Facebook develops a thought-writing headset for people with disabilities

We’re not far from a scene from X-Men. A research partnership between Facebook and Chang Lab at the University of California, San Francisco, allowed a person to compose a sentence while thinking on a computer, according to a Thursday (July 15) post in New England Journal of Medicine.

According to the American media the edgeThis prototype helmet, called Steno, aims to find solutions for people with disabilities by translating their brain activity. The first laboratory involved is a man who suffered from anaarthrosis (loss of the ability to speak) for 16 years after a stroke. The lab implanted a high-density multipolar array into the region of the cortex that controls speech. The individual then spent 22 hours, spread over over a year of sessions, training the computer system to recognize specific neural patterns.

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15 words written per minute

Over several sessions, try to pronounce isolated words from a vocabulary of 50 terms. The second step then was to produce complete sentences using the words learned, which included basic verbs and pronouns – such as “I” – as well as specific useful nouns – such as “glasses” and “computer” – and commands. Like “yes” and “no”.

This training eventually made it possible to create a language model that is able to respond when a person thinks of certain words, even if they are unable to pronounce them. The researchers improved the system by incorporating similar probabilistic functions into a smartphone’s predictive keyboard. They reported that in final tests, the headset could decode an average rate of 15.2 wpm, count errors, or 12.5 wpm, while only counting correctly decoded words.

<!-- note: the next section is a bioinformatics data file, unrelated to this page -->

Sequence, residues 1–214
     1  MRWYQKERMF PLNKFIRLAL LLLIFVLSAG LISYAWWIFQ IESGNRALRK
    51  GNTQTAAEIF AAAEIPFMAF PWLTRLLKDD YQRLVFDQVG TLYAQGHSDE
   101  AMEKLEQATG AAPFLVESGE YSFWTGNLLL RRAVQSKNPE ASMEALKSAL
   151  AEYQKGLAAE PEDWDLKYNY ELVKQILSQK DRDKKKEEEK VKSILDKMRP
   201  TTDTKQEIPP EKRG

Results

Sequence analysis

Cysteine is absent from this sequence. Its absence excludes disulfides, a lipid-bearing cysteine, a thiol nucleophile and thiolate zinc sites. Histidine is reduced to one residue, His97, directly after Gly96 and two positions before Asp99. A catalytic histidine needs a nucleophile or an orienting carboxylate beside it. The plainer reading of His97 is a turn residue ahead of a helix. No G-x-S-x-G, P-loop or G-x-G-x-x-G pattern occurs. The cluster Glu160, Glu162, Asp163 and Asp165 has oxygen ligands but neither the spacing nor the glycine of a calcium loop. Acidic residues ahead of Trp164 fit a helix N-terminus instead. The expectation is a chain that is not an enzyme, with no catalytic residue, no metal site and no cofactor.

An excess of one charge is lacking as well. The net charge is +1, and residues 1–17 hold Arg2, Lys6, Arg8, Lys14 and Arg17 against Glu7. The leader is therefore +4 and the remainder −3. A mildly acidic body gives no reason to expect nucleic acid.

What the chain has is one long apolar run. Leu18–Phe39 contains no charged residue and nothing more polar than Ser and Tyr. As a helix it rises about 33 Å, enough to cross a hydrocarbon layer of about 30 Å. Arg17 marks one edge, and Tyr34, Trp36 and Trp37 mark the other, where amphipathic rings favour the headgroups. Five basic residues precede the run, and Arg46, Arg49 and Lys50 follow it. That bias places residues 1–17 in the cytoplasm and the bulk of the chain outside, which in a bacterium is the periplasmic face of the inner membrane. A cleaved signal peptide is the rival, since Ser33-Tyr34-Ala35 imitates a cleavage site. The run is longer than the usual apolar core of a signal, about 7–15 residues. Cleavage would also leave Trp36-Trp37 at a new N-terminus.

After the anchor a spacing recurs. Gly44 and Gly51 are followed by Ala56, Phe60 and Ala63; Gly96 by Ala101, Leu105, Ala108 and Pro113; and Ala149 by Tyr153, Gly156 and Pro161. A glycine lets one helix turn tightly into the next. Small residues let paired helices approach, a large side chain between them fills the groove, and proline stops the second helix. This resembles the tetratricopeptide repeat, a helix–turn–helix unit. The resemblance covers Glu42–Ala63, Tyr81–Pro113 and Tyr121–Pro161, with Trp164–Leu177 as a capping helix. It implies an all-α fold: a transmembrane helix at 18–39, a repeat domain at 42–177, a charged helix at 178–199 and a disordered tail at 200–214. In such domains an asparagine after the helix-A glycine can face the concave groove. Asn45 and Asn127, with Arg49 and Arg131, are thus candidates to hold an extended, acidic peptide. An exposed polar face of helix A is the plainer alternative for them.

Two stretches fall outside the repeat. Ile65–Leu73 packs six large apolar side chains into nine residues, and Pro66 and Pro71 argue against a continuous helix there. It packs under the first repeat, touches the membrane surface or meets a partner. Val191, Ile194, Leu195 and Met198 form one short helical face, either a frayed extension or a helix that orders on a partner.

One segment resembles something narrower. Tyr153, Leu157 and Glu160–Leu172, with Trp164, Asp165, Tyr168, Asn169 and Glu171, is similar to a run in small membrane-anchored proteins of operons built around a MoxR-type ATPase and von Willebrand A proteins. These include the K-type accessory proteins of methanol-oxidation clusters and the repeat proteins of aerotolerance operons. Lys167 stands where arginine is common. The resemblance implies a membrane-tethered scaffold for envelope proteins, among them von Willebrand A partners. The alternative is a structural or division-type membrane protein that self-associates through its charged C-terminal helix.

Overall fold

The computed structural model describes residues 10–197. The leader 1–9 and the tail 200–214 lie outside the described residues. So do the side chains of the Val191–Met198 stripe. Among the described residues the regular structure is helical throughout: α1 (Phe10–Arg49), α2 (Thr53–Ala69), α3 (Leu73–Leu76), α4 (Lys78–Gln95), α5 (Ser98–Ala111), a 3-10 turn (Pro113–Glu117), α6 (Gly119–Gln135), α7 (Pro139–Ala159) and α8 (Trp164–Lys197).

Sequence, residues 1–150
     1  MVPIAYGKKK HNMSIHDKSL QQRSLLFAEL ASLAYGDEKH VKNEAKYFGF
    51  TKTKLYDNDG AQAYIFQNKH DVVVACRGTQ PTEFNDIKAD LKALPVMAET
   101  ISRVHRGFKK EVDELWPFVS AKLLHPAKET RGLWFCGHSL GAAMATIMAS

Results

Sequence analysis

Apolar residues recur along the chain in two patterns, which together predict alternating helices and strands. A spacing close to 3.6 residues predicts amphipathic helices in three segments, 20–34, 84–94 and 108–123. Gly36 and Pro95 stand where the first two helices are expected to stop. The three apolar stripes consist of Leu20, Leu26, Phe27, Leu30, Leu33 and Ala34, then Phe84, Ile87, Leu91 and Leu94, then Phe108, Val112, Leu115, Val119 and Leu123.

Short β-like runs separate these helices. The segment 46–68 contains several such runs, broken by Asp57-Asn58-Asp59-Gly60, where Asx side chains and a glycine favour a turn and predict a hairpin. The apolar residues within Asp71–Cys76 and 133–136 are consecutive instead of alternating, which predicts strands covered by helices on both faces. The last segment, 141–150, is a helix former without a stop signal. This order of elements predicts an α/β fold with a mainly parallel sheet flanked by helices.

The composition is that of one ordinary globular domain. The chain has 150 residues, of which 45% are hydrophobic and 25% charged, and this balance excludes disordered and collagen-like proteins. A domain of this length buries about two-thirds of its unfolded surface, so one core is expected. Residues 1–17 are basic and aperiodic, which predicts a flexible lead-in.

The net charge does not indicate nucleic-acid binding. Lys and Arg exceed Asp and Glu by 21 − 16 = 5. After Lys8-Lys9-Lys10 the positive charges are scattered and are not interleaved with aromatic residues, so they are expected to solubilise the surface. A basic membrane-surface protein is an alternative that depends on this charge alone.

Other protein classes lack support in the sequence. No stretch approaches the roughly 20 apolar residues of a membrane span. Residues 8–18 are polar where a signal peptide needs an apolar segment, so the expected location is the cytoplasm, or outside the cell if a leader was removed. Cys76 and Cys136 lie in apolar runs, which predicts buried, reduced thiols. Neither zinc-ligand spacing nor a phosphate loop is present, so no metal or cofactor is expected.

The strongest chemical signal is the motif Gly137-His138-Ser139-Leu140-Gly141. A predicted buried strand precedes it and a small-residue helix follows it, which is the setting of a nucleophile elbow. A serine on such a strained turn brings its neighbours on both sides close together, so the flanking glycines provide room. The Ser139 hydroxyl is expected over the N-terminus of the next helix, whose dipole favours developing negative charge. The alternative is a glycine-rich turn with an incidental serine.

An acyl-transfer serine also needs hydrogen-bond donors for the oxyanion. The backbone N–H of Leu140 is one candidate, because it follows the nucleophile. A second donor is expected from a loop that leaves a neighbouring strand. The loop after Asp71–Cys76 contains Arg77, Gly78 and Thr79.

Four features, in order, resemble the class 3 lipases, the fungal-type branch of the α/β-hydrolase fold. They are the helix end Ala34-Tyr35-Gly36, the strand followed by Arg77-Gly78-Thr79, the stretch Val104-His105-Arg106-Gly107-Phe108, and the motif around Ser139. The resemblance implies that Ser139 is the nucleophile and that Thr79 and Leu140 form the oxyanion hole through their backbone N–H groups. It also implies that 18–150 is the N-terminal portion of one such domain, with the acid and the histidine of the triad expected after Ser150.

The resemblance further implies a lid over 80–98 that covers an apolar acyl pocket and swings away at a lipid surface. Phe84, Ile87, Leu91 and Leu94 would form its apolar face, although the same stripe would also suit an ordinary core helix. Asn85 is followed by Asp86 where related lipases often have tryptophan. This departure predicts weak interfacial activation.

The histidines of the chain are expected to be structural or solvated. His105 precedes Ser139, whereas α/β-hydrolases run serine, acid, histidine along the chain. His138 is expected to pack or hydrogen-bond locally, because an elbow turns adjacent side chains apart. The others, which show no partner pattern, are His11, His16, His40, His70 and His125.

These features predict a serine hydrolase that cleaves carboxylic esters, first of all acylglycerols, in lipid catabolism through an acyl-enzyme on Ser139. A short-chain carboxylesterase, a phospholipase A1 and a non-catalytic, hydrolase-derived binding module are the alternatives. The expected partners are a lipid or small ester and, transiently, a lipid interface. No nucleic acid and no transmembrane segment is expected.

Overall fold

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bracelet instead of helmet

Along with this post, Facebook made it clear In a press release The company was abandoning the idea of ​​a commercial head-mounted brain-reading device. The group notes that it plans instead to disclose all studies and research in open source, i.e. publicly available.

However, Facebook specifies that it is continuing to develop its smart bracelet that must be linked to AI glasses. To direct a virtual object with glasses, it is enough to make a slight movement of the finger of the hand holding the device.

American researchers (second scene) and Russian (Sensortech) are also into neural networks, each of which has developed an implant that allows blind people to distinguish shapes and lines. This “electronic” band sends flashes of light to the brain to distinguish objects around it. Despite the frightening nature of these technologies, the results of this research will be, first and foremost, revolutionizing people with disabilities.

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Frank Mccarthy

<p class="sign">"Certified gamer. Problem solver. Internet enthusiast. Twitter scholar. Infuriatingly humble alcohol geek. Tv guru."</p>

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